Jupiter | .. . . o * O O . . . . . . . .
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Europa (pronounced "yoo roh puh") is the sixth moon from Jupiter. It weighs in at 4.80*10^22 kg and a diameter of 3138 km which puts it slightly smaller than the Moon (7.35*10^22 kg and 3476 km) and the fourth largest of Jupiter's moons (smallest of the Galilean Moons).
While the moons are called the Galilean Moons, they were discovered independently by Galileo and Simon Marius in the year 1610. Simon Marius was a German astronomer who lived from 1573 to 1624 and gave them the names that we have today (though the suggestion came from Johannes Kepler in 1613) - Galileo wanted to name them the "Medicean planets" after his patron, Cosimo II de Medici and used numbers to distinguish them. Both systems were in use until the mid 1800s when the names we are familiar with were officially adopted (it was realized that numbers would be a headache as new moons were found). While Marius claims to have been observing them in November 1609 he did not publish his findings right away and Galileo was first to the presses. Furthermore, Galileo's work was more extensive and accurate than that of Marius.
Galileo's discovery was made on January 7, 1610 when he saw three 'stars' in a line with Jupiter. The following evening the 'stars' had moved - though not in the way that he had expected them to. Over the course of a week a fourth 'star' appeared. None of these 'stars' had left the area around Jupiter and moved with respect to each other and Jupiter. This supported the Copernican system for the solar system.
Europa is composed of materials that are very similar to that of the terrestrial planets - rock made of mostly silica. Recent data from the Galileo probe also seems to indicate that there are several layers beneath the surface and the possibility of a small metallic core.
The surface of Europa is unique within the solar system being very, very smooth and with a very high albedo (0.63) (surface reflectivity). There are no mountains, and very few craters implies a rather young and active surface. The closest resemblance to Europa's surface is that of great sheets of ice on the earth.
It is believed that under this surface, there is a giant ocean of water that is kept liquid by the heat produced by the tidal squeezing from Jupiter (the same force that keeps Io fairly liquid). This belief is
reinforced by a weak magnetic field that varies as Europa passes through Jupiter's magnetic field - indicating a conducting layer under the surface, possibly a deep layer of salt water. The presence of water leads many to wonder if there is the possibility of life under that layer of ice, much as there is life at the deep sea vents on Earth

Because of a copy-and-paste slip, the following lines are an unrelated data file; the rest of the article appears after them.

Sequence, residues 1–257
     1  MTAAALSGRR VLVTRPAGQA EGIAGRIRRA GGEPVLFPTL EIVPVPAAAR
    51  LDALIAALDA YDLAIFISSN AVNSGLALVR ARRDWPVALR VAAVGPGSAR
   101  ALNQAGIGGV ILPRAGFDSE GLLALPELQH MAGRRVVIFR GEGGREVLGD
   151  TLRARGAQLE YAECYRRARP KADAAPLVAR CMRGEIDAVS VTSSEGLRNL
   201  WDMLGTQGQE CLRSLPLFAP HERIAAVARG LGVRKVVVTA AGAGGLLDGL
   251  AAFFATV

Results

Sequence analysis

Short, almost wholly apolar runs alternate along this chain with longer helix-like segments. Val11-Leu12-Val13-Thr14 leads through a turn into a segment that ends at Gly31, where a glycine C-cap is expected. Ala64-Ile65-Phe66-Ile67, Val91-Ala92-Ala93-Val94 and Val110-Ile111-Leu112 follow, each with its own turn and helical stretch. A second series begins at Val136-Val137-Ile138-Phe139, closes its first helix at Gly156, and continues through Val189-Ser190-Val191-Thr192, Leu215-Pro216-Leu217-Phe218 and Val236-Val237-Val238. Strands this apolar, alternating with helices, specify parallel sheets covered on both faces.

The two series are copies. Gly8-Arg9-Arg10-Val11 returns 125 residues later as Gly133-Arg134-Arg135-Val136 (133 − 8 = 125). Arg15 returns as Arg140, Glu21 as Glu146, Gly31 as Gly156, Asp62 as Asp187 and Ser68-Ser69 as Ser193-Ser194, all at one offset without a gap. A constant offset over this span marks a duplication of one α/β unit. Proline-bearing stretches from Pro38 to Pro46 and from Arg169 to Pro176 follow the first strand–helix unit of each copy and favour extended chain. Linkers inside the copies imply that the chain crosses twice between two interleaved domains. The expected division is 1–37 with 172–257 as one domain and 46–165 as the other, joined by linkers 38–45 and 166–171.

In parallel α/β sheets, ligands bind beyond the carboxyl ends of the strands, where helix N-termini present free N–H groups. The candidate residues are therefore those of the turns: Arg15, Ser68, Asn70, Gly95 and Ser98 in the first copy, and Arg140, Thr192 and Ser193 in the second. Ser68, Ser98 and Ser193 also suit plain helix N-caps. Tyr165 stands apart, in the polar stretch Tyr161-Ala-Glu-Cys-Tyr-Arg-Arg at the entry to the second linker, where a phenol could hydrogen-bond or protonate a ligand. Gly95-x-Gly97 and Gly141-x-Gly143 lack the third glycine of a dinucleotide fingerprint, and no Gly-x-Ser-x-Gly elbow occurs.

(known as black smokers).
Through the Hubble Space Telescope, it has been found that Europa also has a very thin atmosphere (10^-11 bar) of oxygen. However, this is believed to be created by the bombardment of the surface with light and cosmic rays that split the ice into hydrogen and oxygen. The hydrogen then escapes leaving only the oxygen.
Europa is locked into an orbital resonance with Io and Ganymede at with the ratios of 1:2:4 - Europa orbits about Jupiter half as fast as Io and twice as fast as Ganymede.
Europa is the target of some interesting missions in the future that would explore the ocean under the ice.
This probe would drill through the ice of Europa to look under it. It is uncertain how thick this ice is - estimates range from 1km to 20km thick. Chances are, this wouldn't actually drill, but rather melt through (its much easier to make something hot than it is to drill - and less chance of a failure). The probe would then send messages back to the surface and/or orbiter which would then be sent back to Earth. See cryobot for more on this type of project.
- Ice Clipper
- Originally proposed to launch in December of 2001 and reach Europa in 2009 this probe would shoot a hollow copper ball about the size of a softball into Europa at 10km/sec. This impact would send up some ejecta which would be collected by the probe at 50km above Europa in aerogel and then head back to Earth (around 2014).